Here’s the first edition of our monthly news digest devoted to the world of online marketing. In case you don’t have time to keep tabs on everything that’s going on in the SEO industry, going through this concise and info packed recap will definitely come in handy.
Let’s have a look at this month’s news!
New Generic TLDs Are NOT a Ranking Factor
Google rarely provides us with direct intel about their ranking factors. Nevertheless, just recently, they’ve published a post on the Webmaster Central Blog that clarifies misconceptions about new gTLDs and their influence on rankings.
The good news is that the new generic TLDs won’t be treated differently from the standard TLD s by Google’s algos and, pay attention here: “keywords in a TLD do not give any advantage or disadvantage in search”.
Nevertheless, it is important to keep in mind that Google use country code top-level domains like .uk, .be, etc. as a signal that these websites are location specific, i.e. they are more relevant for certain regions.
Map Maker says: “I’ll Be Back!”
Google will reopen* Map Maker for editing in early August. And while the moderation process will still be community-based it will be somewhat updated against map vandalization. Google will select “mappers” as “Regional Leads” and all edits will be reviewed by these guys and Google’s automated moderation system. The concerns here are that the reviewing process may take a bit longer and thus the changes may come live with a certain delay.
(*Map Maker was closed in May given a sudden outburst of some racist listings on the platform. The issue was believed to be a result not only from the fact that Map Maker is open for free public editing and reviewing, but from the assumption that Google is using content from across the web to update their map data.)
Panda 4.2 On The Go
Last fall Google released the 4.1 Panda refresh and the hit websites have been looking forward to the next update ever since. Finally this month we are able to observe the slow global roll out of Panda 4.2.
Some enjoy recovery of their lost organic traffic, others suffer the consequences of their low quality duplicate on-site content. Don’t rush into any conclusions just yet though, this update is said to take months before it’s completed, so you won’t see a drastic drop or spike in rankings.
Keyword Not Provided 2
Remember the huge stress all webmasters faced in September 2013 when Google decided to encrypt all search data and add a “keyword not provided” tag to the organic referrals in our site analytics? Well, thanks to some neat keyword idea generating tools, the Keyword Planner, and every once in a while – the manual semantic research conducted on a selected topic we used to convince ourselves that we had at our disposal “almost good enough of a substitute” to the expired keyword data in Google Analytics.
Things are changing though: Google announced that they are to shut down their Auto-complete API on 10 August. This act will undoubtedly affect some of the current keyword research tools, which will add yet another challenge to the SEO industry.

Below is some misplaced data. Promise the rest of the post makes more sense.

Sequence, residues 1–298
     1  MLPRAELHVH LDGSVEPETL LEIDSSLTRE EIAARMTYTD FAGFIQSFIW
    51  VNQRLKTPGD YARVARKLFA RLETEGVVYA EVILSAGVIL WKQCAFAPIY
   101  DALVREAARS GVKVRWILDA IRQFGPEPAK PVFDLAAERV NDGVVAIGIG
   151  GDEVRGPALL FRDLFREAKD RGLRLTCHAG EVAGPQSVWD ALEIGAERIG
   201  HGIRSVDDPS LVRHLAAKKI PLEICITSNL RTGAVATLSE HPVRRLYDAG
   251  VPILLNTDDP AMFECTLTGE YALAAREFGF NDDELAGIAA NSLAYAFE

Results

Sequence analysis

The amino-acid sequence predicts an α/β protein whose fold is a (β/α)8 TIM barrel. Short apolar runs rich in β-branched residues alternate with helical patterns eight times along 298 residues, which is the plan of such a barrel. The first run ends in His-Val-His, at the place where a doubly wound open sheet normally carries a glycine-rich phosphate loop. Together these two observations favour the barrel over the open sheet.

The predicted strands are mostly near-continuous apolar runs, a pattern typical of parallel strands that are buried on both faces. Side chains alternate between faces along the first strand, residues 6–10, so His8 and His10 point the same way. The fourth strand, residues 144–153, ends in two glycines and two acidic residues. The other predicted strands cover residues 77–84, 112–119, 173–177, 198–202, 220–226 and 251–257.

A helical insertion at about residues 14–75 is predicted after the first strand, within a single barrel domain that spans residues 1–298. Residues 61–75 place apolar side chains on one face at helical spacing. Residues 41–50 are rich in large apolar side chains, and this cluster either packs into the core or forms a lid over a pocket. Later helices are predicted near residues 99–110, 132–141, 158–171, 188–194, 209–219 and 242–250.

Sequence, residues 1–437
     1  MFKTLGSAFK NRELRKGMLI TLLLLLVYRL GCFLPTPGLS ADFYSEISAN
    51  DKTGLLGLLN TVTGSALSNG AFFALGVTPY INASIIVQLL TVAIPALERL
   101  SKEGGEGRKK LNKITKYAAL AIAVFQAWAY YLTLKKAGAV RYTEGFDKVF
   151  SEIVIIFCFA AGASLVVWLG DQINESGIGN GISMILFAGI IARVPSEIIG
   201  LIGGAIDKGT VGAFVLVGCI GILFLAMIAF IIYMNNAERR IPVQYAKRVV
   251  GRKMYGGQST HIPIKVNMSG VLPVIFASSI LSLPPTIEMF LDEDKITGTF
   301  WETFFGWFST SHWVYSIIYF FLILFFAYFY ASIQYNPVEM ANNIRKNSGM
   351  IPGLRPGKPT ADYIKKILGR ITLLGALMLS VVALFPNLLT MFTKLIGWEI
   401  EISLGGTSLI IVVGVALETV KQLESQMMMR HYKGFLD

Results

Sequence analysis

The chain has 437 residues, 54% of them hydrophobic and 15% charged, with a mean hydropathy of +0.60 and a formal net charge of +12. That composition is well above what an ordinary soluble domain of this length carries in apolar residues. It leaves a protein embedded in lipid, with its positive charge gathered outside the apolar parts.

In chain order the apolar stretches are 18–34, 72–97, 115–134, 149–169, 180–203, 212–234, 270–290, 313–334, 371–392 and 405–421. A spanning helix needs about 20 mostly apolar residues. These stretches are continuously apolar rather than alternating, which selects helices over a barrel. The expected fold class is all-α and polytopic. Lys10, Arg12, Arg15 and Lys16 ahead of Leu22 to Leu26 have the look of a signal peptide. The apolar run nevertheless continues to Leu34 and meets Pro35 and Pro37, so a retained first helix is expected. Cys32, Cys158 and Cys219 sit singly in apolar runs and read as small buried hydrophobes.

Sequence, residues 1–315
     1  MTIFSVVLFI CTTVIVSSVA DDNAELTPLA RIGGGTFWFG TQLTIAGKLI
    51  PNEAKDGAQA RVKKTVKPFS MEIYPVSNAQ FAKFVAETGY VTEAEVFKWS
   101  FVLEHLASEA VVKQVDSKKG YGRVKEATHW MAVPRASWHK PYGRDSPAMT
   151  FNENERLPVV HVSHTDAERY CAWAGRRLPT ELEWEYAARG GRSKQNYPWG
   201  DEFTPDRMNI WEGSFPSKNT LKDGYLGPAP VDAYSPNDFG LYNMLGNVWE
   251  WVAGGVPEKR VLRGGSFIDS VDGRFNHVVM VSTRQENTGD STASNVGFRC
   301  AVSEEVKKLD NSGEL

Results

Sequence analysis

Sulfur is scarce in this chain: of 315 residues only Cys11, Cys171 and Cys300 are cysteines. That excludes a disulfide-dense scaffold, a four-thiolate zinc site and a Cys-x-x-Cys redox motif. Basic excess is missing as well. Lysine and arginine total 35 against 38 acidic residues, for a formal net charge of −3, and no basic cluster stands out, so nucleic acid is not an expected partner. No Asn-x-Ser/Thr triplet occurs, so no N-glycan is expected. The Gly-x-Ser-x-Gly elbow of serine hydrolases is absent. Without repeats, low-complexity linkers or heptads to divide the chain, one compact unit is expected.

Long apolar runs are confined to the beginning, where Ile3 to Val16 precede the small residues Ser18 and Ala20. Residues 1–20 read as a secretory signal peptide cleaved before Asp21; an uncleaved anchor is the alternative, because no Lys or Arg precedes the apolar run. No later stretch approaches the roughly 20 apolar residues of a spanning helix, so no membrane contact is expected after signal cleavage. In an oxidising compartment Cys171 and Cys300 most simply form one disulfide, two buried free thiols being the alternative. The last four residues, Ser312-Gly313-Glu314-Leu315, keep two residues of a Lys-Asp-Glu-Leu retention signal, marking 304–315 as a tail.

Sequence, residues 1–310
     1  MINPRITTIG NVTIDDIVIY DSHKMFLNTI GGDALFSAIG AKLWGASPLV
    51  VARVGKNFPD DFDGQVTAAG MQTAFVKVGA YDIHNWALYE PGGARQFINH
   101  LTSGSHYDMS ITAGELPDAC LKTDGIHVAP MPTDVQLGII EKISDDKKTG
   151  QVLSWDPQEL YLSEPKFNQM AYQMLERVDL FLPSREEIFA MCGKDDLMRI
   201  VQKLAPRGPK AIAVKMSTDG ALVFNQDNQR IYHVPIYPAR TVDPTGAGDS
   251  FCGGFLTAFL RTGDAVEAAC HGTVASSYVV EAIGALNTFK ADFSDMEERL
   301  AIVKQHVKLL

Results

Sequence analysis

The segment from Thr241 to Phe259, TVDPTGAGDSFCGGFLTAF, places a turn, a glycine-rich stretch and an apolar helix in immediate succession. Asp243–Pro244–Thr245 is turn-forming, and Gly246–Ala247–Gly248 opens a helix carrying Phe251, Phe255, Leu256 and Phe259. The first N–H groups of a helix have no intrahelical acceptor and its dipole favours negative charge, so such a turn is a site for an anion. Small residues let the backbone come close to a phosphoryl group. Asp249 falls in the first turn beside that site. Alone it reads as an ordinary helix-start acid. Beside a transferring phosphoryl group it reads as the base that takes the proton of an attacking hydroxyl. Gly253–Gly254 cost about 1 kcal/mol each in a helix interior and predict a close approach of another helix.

Google + : “To Be, Or Not To Be”
Google and social medias – a project that once again proves to be more of an oxymoron than a successful and well-accepted product. First there was Orkut, then Google Buzz, then Google Wave, and now it seem that Google Plus is drawing its last breath.
Google are gradually taking the “shine” off the Google+ product: the authorship photos (Google+ profile images of Google users) were removed from SERPs, the major part of the Google+ team was relocated to other Google projects, and finally this month Google announced that the Google Plus profile will no longer be the user’s identity in all Google Products.
Nevertheless, the social medias is too big of a market to be easily forfeited by Google, so Google+ remains live and kicking. As Google put it, they are trying out “a more focused Google+ experience”. Will that resurrect Google+’s social network though, only time will tell.
Facebook to rival with Google on yet another level: Video Content
Facebook is gradually becoming a serious contender of Google. Facebook’s actually forbidding Google to both crawl and index their likes, shares and content and this is only a steppingstone towards the open rivalry between the two companies.
They compete as it comes to offering advertising opportunities to their users (Facebook Ads vs Google AdWords), social networking platforms (Facebook vs Google+), local business listings and now they are yet to compete with video content.
In July Facebook have introduced new features to its users that allow improved video customization. This is a direct attack against Google’s video platform YouTube. The curious thing is that the YouTube team has developed pretty neat growth strategy too. Following Google’s mantra: “Content is king” they have just recently employed an MTV executive to create original online series for the platform.
The war is fierce, we will keep a close look at how things will turn around, so don’t forget to check our August News Recap. Have you stumbled upon other important industry news from the past month, don’t hesitate to add them in the comments!